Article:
Co-operative user identity verification using an Authentication Aura
Elsevier Advanced Technology
Faculty of Health, Engineering and Science
ECU Security Research Institute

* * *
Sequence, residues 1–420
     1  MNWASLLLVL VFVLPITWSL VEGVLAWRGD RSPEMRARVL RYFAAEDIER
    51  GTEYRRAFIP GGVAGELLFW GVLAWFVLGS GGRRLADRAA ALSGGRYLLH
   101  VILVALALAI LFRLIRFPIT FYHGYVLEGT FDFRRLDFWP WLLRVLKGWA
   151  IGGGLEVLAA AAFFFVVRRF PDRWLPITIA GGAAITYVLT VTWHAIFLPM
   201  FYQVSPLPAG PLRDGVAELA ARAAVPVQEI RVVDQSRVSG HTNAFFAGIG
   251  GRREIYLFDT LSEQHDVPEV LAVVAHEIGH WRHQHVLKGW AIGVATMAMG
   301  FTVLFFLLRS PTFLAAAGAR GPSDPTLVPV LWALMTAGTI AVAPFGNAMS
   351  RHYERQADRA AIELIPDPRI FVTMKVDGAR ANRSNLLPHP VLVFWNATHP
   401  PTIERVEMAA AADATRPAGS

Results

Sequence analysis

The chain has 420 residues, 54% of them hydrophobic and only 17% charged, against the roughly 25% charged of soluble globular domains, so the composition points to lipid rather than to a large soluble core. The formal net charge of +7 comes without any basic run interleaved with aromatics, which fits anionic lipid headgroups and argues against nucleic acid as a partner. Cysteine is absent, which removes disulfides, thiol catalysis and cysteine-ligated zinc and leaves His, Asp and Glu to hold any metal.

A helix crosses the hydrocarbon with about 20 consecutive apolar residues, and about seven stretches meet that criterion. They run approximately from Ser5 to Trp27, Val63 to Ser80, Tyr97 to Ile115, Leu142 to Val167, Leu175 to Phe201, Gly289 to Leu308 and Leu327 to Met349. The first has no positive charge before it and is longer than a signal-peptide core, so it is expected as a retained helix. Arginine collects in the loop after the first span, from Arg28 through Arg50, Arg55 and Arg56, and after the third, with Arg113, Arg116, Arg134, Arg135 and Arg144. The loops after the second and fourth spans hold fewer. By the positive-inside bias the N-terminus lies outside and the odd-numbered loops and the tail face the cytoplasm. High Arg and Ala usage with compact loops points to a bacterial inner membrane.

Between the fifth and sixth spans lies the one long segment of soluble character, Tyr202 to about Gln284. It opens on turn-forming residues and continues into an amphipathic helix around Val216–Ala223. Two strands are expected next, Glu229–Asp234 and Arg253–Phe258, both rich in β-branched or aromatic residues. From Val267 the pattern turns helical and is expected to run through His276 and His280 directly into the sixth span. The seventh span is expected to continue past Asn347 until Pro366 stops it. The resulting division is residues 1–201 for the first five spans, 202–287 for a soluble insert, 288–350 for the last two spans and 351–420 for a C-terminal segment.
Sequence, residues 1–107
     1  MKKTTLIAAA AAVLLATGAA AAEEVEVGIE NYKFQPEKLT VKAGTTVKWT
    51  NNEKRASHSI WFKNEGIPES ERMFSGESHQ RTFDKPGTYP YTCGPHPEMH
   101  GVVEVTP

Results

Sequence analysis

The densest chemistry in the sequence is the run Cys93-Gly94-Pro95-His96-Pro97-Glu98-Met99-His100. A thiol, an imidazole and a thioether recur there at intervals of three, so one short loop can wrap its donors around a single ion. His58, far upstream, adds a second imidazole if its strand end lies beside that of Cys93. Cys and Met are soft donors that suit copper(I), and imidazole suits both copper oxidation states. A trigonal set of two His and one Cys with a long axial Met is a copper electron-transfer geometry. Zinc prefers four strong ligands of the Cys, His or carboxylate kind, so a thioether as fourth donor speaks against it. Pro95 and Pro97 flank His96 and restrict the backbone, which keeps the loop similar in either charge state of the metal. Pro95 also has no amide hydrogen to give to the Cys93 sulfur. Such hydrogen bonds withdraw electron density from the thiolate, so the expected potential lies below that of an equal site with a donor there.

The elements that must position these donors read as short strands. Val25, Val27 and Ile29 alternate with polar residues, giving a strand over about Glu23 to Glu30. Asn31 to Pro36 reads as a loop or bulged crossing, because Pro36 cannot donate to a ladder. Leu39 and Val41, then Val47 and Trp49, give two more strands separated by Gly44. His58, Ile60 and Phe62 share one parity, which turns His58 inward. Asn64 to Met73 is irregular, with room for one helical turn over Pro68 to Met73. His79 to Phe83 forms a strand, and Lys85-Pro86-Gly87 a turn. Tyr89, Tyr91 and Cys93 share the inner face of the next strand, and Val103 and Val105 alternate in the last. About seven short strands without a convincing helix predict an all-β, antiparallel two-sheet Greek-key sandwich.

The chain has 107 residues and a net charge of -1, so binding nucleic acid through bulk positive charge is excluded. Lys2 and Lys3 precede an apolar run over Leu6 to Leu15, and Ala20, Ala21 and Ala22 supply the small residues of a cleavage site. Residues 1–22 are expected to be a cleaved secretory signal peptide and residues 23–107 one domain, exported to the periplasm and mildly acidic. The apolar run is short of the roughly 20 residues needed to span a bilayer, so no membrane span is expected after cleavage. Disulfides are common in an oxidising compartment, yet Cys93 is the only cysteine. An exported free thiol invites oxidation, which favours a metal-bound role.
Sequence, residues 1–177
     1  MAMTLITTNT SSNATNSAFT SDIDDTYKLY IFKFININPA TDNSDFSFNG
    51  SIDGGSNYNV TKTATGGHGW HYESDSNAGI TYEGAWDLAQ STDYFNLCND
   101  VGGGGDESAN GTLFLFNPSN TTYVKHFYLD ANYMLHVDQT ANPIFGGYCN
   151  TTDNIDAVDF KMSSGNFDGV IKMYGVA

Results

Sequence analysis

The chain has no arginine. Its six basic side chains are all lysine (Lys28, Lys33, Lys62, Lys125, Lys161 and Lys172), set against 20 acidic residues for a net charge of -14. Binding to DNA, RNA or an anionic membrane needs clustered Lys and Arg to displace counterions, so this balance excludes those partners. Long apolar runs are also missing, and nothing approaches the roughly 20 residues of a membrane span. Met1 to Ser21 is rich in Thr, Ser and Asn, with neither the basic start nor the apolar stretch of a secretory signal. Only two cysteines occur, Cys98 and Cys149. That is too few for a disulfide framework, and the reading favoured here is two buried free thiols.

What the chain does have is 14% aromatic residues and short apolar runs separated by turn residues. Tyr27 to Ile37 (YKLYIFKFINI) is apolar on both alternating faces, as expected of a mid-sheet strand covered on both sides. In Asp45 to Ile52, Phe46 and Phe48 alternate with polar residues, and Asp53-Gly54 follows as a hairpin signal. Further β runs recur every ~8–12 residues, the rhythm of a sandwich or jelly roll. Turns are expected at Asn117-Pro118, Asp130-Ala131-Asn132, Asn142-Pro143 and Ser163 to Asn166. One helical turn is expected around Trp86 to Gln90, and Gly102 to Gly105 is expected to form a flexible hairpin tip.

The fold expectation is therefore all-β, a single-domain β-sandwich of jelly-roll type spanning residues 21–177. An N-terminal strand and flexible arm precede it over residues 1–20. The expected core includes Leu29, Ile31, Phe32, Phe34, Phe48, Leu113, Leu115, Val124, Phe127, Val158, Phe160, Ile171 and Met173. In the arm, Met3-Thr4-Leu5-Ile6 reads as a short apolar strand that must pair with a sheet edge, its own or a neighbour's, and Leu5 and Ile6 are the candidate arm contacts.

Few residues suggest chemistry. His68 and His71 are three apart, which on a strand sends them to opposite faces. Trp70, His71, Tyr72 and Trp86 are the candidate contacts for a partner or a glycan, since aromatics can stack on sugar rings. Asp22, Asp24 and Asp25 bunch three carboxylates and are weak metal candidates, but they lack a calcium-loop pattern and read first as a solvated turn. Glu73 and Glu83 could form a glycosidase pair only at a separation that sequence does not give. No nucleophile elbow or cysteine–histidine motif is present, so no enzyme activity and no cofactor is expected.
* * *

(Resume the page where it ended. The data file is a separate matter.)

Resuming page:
IT usage today is typified by users that operate across multiple devices, including traditional desktop PCs, laptops, tablets and smartphones. As a consequence, users can regularly find themselves having a variety of devices open concurrently, and with even the most basic security in place, there is a resultant need to repeatedly authenticate, which can potentially represent a source of hindrance and frustration for the user. Building upon previous work by the authors that proposed a novel approach to user authentication, called an Authentication Aura, this paper investigates the latent security potential contained in surrounding devices in everyday life and how this may be used to augment security. An experiment has been undertaken to ascertain the technological infrastructure, devices and inert objects that surround individuals throughout the day to establish whether or not these items might be utilised within an authentication solution. The experiment involved twenty volunteers, over a 14-day period, and resulted in a dataset of 1.23 million recorded observations. Using the data provided by the experiment as a basis for a simulation, it investigated how confidence in the user's identity is influenced by these familiar everyday possessions and how their own authentication status can be 'leveraged' to negate the need to repeatedly manually authenticate. The simulation suggests a potential reduction of 74.04% in the daily number of required authentications for a user operating a device once every 30 min, with a 10-min screen lock in place. Ultimately, it confirms that during device activation it is possible to remove the need to authenticate with the Authentication Aura providing sufficient confidence.